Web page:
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Thread: can hardware from 1991 still work on today's Linux kernel

  1. #11
    Join Date
    Apr 2008
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    11,653

    Re: can hardware from 1991 still work on today's Linux kernel

    I just pulled an old ASUS P5NSLI mobo out of the closet recently to set up a PC with a floppy drive to read some old discs and things worked out perfectly using 18.04. I think the kernel developers just recently decided to finally drop support for floppy drives so it might be a good idea to keep an old ISO laying around just in case. That doesn't date back as far as 1991 though - more like circa 2005/2006. The biggest challenge I had was finding an old enough LGA775 CPU in my collection to run on that board. The BIOS was from January 2006. Still being able to run 14 to 15 year old hardware gives Linux some bragging rights I think

  2. #12
    Join Date
    Mar 2007
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    Xubuntu 9.10 Karmic Koala

    Re: can hardware from 1991 still work on today's Linux kernel

    I found 386 beyond economical to use with Linux/BSD back in the 1998-99 era. I couldn't get X windows working, KDE was out of the question.

    You could make it work, but it would be a lot of work and probably require advanced steps: recompiling kernel modules and what-not. I'd recommend Gentoo or BSD if you were serious. Distros meant to compile from source make it easier to target troublesome platforms like an old 386, I think.

    It's not worth it in my opinion unless your primary interest is historic or academic or hobbyist oriented... Recreating Linux's first platforms for a public display at a convention would make it worthwhile to pursue a project like this, and you'd probably be able to find ready helpers and people who want to have a gander at what you're up to...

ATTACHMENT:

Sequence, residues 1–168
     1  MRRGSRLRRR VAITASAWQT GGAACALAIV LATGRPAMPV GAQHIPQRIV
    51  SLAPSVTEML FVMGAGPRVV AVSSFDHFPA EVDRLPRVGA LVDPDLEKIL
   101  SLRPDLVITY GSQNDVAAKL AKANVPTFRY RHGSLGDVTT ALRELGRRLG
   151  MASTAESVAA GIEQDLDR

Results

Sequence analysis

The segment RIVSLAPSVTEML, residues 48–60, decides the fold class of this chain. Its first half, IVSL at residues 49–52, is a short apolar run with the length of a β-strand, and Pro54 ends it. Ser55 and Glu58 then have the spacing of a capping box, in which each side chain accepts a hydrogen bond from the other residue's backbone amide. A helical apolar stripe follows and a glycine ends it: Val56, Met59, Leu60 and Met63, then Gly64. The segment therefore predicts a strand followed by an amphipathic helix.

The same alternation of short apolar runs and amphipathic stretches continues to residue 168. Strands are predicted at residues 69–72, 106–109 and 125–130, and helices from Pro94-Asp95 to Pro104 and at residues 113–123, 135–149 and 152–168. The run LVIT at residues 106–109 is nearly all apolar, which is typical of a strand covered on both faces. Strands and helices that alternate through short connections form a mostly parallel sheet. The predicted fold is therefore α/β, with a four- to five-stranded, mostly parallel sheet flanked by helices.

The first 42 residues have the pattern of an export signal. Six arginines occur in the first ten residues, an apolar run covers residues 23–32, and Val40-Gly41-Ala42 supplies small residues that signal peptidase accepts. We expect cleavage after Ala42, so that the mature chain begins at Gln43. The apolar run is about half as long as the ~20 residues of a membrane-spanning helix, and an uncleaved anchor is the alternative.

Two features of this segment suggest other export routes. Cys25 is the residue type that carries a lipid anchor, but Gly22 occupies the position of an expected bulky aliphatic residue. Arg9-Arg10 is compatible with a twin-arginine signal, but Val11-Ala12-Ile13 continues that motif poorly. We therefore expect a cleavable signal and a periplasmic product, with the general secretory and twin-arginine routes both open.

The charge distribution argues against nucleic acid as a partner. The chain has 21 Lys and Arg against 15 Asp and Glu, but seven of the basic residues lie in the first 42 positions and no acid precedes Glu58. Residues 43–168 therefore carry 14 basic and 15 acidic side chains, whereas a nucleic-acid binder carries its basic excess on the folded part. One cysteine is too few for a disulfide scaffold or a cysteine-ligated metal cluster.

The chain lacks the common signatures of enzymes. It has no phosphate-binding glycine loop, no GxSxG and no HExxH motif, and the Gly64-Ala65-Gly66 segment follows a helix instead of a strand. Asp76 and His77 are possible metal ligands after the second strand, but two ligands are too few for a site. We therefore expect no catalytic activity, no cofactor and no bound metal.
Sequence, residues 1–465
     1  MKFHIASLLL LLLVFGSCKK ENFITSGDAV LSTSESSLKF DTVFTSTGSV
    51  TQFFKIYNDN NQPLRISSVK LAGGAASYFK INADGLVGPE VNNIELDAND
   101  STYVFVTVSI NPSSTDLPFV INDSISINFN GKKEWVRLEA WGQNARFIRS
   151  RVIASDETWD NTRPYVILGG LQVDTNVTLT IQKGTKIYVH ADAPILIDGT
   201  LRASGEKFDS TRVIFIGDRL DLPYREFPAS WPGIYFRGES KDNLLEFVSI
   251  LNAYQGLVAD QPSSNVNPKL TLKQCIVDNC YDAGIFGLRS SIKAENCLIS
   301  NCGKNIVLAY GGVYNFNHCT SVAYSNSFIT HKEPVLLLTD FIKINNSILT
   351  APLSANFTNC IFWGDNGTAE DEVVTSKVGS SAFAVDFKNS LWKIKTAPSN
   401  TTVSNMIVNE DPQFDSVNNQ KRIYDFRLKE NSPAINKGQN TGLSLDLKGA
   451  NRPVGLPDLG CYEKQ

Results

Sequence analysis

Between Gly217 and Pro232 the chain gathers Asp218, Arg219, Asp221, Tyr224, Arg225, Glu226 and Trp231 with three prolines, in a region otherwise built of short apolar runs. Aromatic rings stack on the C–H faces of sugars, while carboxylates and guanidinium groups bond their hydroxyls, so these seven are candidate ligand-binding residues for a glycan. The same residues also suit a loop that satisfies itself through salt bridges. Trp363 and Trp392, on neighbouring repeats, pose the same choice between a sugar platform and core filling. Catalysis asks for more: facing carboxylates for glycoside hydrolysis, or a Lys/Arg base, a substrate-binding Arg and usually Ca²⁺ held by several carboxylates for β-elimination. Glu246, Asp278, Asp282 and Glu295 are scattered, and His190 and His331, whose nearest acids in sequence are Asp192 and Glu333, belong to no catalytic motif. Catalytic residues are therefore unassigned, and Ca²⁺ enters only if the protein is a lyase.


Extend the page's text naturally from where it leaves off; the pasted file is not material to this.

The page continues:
3. #13
    Join Date
    Jan 2010
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    Wheeling WV USA
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    1,523
    Distro
    Xubuntu 18.04 Bionic Beaver

    Re: can hardware from 1991 still work on today's Linux kernel

    one can always go back and grab an old kernel version for old hardware and start a project team to scan through all the change logs since then to fix all the bugs and adopt new compatible features, starting your own kernel fork. you might want to fork a custom toolchain, too. at least, you won't worry about issues of porting to other processors since you'll be focusing on old 386s and maybe some of today's embedded SoCs.

    to the extent that an OS tries to keep working with old technology, that may limit its ability to take advantage of new technology. OTOH there are many technological options of finite resource, today, like raspberry-Pi and such, that we also want to use. my old Apple II with 48k will never run Linux even though i did manage to implement multitasking on it way back then.
    What do you call someone who speaks 3 languages? Trilingual.
    What do you call someone who speaks 2 languages? Bilingual.
    What do you call someone who speaks 1 language? American.

  4. #14
    Join Date
    Mar 2007
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    Xubuntu 9.10 Karmic Koala

    Re: can hardware from 1991 still work on today's Linux kernel

    my old Apple II with 48k will never run Linux even though i did manage to implement multitasking on it way back then.
    ...

    explain yourself.

    ...

    Please.

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